The new bottle is called the Escape and represents a giant step forward in invertible-base technology. Honest Tea, the United States’ top-selling organic bottled tea company, based in Bethesda, Maryland, is the first customer to adopt the Escape bottle
“As a company, we have a very high commitment to minimising our environmental footprint,” said Seth Goldman, president and ‘TeaEO’ of Honest Tea. “Our packaging has always been our biggest challenge in that regard. This is the single largest improvement we’ve ever taken in terms of reducing our environmental impact.”
The Escape is 6.5g lighter than the PET bottle Honest Tea was previously using: “We’re taking about 20% of the weight out of the container,” said Paul Kelley, senior engineering manager for PET R&D at Graham Packaging. “And it takes fewer resources to make the bottle and fewer resources to transport the bottle.” The Escape is also fully recyclable.
Several other customers are finalising designs for their versions of the Escape. Each design will be proprietary to the specific customer. While the bottle initially will be used for teas, juices and isotonic drinks, it’s also suitable for jellies, jams and salsas.
After the bottle is filled and capped, it goes through a CMA, a “continuous motion activator” – a machine that inverts the base, which takes up the vacuum in the bottle and creates a slight overpressure.
“This process gives the bottle a rigid feel, like glass, but it’s lighter,” said Phillip Sheets, senior project manager for Graham Packaging.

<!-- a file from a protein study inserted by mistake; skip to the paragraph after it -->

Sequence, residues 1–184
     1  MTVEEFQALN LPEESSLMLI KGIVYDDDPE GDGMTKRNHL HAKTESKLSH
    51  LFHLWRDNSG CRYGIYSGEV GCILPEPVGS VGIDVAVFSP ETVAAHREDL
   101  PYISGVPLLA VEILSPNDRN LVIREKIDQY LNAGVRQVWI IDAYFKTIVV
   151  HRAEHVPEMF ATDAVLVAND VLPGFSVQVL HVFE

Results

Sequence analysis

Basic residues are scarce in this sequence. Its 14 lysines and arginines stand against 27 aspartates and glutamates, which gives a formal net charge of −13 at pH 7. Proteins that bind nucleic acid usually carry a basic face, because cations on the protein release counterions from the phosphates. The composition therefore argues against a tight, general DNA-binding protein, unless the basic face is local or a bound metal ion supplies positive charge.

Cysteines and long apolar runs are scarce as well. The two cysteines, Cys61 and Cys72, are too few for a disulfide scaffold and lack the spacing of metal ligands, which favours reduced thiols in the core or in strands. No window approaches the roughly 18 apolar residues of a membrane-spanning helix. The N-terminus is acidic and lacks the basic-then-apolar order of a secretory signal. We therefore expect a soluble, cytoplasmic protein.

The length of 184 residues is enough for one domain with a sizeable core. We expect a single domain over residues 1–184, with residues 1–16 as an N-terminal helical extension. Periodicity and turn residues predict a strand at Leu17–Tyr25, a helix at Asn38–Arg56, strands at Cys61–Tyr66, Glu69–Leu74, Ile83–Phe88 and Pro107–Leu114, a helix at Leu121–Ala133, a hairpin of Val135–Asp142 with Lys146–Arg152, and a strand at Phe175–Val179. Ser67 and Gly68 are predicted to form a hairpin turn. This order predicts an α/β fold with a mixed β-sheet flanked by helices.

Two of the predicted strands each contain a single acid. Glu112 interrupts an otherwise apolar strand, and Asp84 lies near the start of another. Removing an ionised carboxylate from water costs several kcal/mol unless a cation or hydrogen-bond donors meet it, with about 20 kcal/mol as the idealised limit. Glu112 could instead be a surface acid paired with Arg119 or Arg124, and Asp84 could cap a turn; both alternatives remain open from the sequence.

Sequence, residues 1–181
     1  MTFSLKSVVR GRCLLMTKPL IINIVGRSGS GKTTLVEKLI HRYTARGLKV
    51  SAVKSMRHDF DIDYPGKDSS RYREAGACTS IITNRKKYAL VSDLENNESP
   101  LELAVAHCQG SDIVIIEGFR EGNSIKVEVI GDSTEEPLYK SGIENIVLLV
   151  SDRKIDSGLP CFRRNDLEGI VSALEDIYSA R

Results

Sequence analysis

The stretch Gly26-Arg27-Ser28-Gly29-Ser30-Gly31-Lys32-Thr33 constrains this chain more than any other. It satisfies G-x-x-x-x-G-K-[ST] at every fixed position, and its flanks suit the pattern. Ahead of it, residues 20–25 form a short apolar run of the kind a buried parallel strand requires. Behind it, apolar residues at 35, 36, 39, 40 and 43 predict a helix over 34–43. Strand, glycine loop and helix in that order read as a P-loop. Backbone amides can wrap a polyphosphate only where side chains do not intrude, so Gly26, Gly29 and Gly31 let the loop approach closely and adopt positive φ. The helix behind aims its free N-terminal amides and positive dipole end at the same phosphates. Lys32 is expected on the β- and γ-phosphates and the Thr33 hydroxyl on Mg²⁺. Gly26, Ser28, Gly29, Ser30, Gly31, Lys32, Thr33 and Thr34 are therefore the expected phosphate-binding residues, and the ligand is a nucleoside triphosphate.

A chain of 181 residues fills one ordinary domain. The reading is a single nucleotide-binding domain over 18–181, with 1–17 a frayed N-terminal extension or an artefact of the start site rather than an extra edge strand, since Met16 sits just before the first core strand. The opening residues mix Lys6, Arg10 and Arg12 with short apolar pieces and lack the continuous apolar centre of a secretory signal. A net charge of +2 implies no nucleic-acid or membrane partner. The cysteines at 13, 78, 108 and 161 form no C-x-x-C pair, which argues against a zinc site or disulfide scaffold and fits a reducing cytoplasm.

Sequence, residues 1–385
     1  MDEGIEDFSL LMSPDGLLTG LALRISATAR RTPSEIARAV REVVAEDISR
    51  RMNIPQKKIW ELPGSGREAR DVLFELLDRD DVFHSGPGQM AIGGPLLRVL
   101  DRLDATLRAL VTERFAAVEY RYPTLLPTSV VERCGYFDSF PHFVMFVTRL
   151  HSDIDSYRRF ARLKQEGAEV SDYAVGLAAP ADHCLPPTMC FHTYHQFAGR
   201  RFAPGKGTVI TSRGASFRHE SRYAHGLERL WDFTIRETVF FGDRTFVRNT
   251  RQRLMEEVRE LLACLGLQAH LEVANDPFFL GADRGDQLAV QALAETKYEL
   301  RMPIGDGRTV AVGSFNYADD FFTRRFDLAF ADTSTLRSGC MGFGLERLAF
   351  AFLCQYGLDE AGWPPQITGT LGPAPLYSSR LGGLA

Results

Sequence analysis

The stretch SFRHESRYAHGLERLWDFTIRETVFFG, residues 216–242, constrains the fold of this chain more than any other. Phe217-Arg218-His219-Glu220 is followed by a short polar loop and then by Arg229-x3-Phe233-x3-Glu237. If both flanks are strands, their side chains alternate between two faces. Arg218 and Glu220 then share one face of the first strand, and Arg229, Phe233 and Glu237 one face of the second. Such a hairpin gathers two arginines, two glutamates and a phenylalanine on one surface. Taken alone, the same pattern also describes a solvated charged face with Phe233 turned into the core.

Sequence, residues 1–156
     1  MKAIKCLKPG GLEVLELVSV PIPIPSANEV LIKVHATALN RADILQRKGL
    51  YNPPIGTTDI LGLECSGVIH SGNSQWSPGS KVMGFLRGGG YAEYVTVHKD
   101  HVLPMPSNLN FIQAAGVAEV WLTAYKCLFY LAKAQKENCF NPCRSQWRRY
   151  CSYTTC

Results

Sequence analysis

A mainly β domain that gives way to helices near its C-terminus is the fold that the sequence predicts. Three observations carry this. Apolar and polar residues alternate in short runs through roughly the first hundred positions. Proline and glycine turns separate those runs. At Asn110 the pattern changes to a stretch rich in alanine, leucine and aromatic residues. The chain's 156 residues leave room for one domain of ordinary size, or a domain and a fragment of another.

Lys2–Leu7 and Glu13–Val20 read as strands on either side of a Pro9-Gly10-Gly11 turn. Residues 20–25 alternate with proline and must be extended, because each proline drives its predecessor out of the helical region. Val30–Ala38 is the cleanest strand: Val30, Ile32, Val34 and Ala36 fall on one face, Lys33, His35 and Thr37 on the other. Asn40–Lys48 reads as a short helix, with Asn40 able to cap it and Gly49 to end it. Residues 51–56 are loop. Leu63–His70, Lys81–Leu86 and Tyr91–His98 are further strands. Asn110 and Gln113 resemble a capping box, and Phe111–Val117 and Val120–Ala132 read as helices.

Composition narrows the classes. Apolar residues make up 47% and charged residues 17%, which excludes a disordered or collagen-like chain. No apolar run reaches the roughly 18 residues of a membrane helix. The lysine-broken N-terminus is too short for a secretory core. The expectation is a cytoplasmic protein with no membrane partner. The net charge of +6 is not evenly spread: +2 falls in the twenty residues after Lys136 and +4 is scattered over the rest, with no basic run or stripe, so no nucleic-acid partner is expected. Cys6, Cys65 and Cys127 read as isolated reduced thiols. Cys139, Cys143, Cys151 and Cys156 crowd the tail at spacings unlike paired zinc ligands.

The patented CMA represents a major technology advance over the active transverse panel (ATP) technology, which Graham Packaging introduced in 2004 to produce the first panel-free, hot-fill bottle. The old inverse-base process required a complex bottle-handling system during manufacturing. The CMA eliminates that and fits into the filling line.
“The CMA is inexpensive, easy to install and doesn’t require an operator,” said Mark Leiden, Graham Packaging’s vice president of global marketing and PET business manager. “It’s the equivalent of putting a labelling machine in a bottling line.”
Bowman Apple Products in Mt Jackson, Virginia, and J Lieb Foods Inc in Forest Grove, Oregon, are the first two locations to install Graham’s CMA.
Jim Lieb, president and CEO of J Lieb Foods, said adding the CMA to the filling line was as simple as adding another conveyor: “It had no negative impact,” he said.
“We anticipate that several other locations will install CMAs this year,” Leiden said. “We’re getting a big push by our customers to continue our lightweighting and sustainability efforts, and Escape plays a big part in our whole Sustainer family. We now have the G-Lite series for those who use traditional vacuum panels, and Escape for those who want smooth walls.”
Source: Graham Packaging Company
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